Turkey is the centerpiece of the holiday feast, but it’s certainly not something we cook every day, so there’s bound to be some questions around it.
- How do you know how large of a turkey to buy to feed your guests?
- Should it be fresh, frozen or free range?
- How long should it cook?
- Should you baste the turkey?
- How the heck do you carve a turkey?
Of course, there’s always the Butterball Turkey Talk-line, which answers over 100,000 questions every November and December. The telephone hotline has been a tradition since 1981, but this year, they are getting an upgrade - Butterball will accept questions via text messages and through Twitter.
Here, we’ve tackled your top turkey questions.
What size turkey do I need?
The larger the bird, the more meat it will yield per pound. Here are some general rules (with allowances for leftovers!):
- A 12-pound turkey should feed about six people.
- For a turkey that's 14-20 pounds, calculate 1.5 pounds per person. So a 15-pound turkey will feed about 10 people.
- For a turkey that's 20-30 pounds, calculate 1.25 pounds per person. So a 25-pound turkey will feed about 20 people.
What kind of turkey should I buy?
Fresh, frozen, free-range… there are several choices when it comes to buying the bird.
Turkey meat freezes beautifully, and the price is usually better for frozen, so don’t feel as though you are doing your guests an injustice by getting a frozen bird. You will need to plan ahead to allow time for it to defrost.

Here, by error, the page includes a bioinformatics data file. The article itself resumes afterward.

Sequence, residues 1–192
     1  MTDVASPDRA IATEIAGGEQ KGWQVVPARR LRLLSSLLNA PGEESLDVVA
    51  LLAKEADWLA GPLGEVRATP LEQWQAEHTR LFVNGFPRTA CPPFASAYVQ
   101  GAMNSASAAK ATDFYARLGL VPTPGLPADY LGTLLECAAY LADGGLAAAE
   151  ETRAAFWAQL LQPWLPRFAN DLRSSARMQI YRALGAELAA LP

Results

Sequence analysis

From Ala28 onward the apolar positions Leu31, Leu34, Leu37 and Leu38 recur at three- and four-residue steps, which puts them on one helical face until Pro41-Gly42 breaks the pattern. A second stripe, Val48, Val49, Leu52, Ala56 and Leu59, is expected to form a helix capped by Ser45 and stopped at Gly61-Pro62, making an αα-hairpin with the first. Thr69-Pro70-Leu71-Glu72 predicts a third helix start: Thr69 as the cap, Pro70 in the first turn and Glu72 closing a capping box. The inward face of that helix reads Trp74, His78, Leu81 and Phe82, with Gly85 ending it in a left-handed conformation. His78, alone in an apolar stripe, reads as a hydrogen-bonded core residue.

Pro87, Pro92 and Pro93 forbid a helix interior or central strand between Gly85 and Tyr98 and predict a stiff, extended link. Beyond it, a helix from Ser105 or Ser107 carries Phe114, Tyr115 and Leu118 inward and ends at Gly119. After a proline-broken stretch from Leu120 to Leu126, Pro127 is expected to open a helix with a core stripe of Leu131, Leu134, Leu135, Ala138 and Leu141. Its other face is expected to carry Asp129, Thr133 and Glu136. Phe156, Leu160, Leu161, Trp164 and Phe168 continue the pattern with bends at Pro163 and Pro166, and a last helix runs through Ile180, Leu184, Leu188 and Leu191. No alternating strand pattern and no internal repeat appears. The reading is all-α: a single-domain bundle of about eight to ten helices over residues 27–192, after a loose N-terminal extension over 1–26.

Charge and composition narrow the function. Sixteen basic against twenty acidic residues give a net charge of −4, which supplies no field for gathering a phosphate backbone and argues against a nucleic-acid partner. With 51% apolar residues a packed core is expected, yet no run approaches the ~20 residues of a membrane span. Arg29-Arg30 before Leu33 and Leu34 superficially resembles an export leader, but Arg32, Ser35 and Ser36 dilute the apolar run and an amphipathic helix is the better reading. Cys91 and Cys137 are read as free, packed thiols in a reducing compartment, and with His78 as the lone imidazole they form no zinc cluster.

Fresh turkeys are readily available. You may need to order a fresh bird a week or more in advance, to be picked up a day or two before Thanksgiving, particularly if you choose to order an organic or free-range turkey.
Free-range turkeys tend to have more intense flavor and are leaner. Organic turkey meat does not contain any antibiotics, hormones, preservatives, salt or other additives.
General rule: Allow about 24 hours per five pounds of turkey for defrosting in the refrigerator. That means that if you are buying a frozen turkey, plan to buy it at least three days before Thanksgiving.
How do I safely defrost a turkey?
This is where people can make the biggest errors, either by not allowing enough time for proper defrosting or by defrosting in an unsafe manner. Although it takes a long time, defrosting in the refrigerator for the whole defrosting time is the safest. Make sure to give yourself ample time.
A second way to defrost is to keep the turkey under a continuous flow of cold running water until defrosted. Generally, this method is used only in an emergency situation or to assist in finishing the defrosting if your bird is still a bit frozen after using the refrigerator method. For best results, don’t count on this method to defrost your entire bird in a really short period of time. Additionally, there is more opportunity for bacteria to develop with this method.
Tip: Check your turkey Wednesday night to see if it needs some time under cold water as described above. Waiting until Thanksgiving morning to check on it often leads to turkeys going in the oven partially frozen, which results in undercooked meat near the bones.
How long will the turkey take to cook?
Use the following timetable to estimate how long it will take your turkey to cook. Remember, these are approximations; always use a meat thermometer to check the internal temperature.
- 8 to 12 pounds: 2 ¾ to 3 hours
- 12 to 14 pounds: 3 to 3 ¾ hours
- 14 to 18 pounds: 3 ¾ to 4 ¼ hours
- 18 to 20 pounds: 4 ¼ to 4 ½ hours
- 20 to 24 pounds: 4 ½ to 5 hours
If you’re roasting your turkey in a convection oven, it may be done sooner, so be sure to use your meat thermometer to check the doneness roughly an hour before the times above.
Planning ahead will help you avoid any Turkey Day mishaps, so be sure to determine your guest list and find a turkey sooner rather than later.
Need help? Contact Simple Fare Catering.